Fewer middle school students were obese after three years at schools that emphasized exercise and nutrition compared with those that did nothing special.
Here's some research news that's bound to make the first lady and lots of other parents take note: Schools have more power to influence over kids' eating and exercise habits than previously thought.
Researchers found that in schools where the exercise went up and the junk food went down, obesity rates declined, too.
And fewer obese kids means lower risks of health problems associated with carrying around too much weight, like Type 2 diabetes.
In a three-year study published online by the New England Journal of Medicine, researchers followed 4,600 students from 42 middle schools across the country. Half attended schools that required longer, more intense gym time, more nutritious food choices, and a focus on nutrition and exercise in class. Half didn't.
Obese or overweight students at the schools where the health interventions were tried were 21 percent less likely to be obese at the end of the study, compared to the obese and overweight kids at the other schools in the study.
"To see a change in something physiological from school-based study is really quite remarkable and should give us some sense of hope that we can begin to address this really important health issue of obesity and Type 2 diabetes -- and all the complications that go along with it," says Dr. Dan Cooper, a pediatrician at the University of California-Irvine and a principal investigator for the study.
Data gathered from the National Health and Nutrition Examination Survey a few years ago found almost 35 percent of those ages 6 to 19 are either overweight or obese. Rates among children who are black or Hispanic are even higher.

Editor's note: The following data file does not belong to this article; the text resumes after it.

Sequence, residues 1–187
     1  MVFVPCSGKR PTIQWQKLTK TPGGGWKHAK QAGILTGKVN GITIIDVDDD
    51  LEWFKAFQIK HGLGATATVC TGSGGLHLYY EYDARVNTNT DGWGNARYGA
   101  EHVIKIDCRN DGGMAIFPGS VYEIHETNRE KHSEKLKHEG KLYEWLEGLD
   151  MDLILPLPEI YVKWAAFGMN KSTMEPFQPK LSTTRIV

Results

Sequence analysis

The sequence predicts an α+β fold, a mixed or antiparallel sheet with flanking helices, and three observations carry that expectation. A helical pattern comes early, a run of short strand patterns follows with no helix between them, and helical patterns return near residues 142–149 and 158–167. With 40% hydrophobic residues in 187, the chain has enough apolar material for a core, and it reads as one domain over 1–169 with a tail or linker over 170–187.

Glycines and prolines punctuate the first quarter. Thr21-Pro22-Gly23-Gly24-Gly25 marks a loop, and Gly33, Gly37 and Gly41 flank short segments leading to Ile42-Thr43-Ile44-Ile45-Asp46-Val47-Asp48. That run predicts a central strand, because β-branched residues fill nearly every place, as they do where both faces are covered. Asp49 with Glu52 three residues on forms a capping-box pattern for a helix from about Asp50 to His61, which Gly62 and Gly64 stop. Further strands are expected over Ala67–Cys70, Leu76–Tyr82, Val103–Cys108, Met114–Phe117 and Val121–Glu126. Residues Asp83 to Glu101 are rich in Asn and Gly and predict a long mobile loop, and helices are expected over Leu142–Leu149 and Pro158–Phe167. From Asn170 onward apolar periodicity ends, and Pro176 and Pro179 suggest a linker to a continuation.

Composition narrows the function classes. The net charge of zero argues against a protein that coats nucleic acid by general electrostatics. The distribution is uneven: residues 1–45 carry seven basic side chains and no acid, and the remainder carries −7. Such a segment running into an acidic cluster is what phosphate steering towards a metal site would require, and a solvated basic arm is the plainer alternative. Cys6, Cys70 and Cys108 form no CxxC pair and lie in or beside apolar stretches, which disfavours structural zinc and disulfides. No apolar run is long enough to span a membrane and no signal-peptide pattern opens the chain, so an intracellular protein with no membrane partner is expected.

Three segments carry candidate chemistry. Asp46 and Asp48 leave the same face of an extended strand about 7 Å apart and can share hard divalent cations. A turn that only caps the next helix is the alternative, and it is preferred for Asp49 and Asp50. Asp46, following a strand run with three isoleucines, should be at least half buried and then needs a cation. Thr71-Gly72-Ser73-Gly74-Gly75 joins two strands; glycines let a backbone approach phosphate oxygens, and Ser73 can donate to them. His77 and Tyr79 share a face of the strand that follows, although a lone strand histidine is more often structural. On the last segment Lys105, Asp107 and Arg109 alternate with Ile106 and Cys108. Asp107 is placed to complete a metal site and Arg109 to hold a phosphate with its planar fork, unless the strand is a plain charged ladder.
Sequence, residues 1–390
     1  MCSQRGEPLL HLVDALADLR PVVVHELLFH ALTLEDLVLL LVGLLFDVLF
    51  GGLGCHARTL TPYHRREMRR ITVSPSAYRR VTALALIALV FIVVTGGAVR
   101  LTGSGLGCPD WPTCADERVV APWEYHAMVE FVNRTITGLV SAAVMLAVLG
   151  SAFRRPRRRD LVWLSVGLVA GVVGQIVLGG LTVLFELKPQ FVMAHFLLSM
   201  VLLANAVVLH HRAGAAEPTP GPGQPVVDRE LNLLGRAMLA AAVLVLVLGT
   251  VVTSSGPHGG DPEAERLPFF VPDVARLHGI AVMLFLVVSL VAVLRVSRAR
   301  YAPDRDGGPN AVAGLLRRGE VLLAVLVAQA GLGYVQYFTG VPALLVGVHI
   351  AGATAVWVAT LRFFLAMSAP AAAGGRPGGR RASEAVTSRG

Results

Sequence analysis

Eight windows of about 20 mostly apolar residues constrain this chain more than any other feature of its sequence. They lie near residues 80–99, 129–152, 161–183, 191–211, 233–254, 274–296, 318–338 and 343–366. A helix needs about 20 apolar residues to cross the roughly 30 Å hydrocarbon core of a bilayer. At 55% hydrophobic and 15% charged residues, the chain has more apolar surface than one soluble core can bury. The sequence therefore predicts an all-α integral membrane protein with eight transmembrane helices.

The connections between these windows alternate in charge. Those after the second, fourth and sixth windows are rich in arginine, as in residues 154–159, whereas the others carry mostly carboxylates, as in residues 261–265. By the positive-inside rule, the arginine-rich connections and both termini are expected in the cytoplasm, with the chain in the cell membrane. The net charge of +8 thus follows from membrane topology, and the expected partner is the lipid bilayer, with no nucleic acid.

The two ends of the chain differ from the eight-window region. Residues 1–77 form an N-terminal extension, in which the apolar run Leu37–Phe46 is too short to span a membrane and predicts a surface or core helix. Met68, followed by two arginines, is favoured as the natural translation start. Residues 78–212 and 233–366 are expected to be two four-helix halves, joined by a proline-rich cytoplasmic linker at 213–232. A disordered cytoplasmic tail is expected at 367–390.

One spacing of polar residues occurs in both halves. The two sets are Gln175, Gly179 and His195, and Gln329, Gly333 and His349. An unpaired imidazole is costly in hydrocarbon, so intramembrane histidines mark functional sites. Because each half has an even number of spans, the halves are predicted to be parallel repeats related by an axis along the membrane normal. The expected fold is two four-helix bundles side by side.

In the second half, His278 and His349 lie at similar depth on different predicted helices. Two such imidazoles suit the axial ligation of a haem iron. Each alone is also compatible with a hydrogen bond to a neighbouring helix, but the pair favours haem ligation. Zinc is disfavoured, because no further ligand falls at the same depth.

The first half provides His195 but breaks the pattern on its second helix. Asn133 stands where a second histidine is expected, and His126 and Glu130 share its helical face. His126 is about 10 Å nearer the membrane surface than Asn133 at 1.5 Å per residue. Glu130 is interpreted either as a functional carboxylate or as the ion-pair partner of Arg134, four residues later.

One surprising finding of the study: The number of overweight and obese kids at both the intervention and control schools decreased by 4 percent at the end of the study. Cooper says that may be because more people became aware of obesity during the study period, and teachers from different schools possibly exchanged information about their programs.
"I suspect that when we do look back on this -- and I don't know if we'll ever really be able to figure this out -- but to some degree, there was some borrowing going on," he says.
But can such results be duplicated in the "real world?"
Cooper says yes, because researchers relied heavily on existing staff at the schools.
"If we had completely put in our own staff, maybe we would have gotten a bigger result," Cooper says. "But then the question would have been how are you going to make this work in the context of real schools unless you work with the people who are there?"
Cooper says school administrators are starting to show interest in the study.
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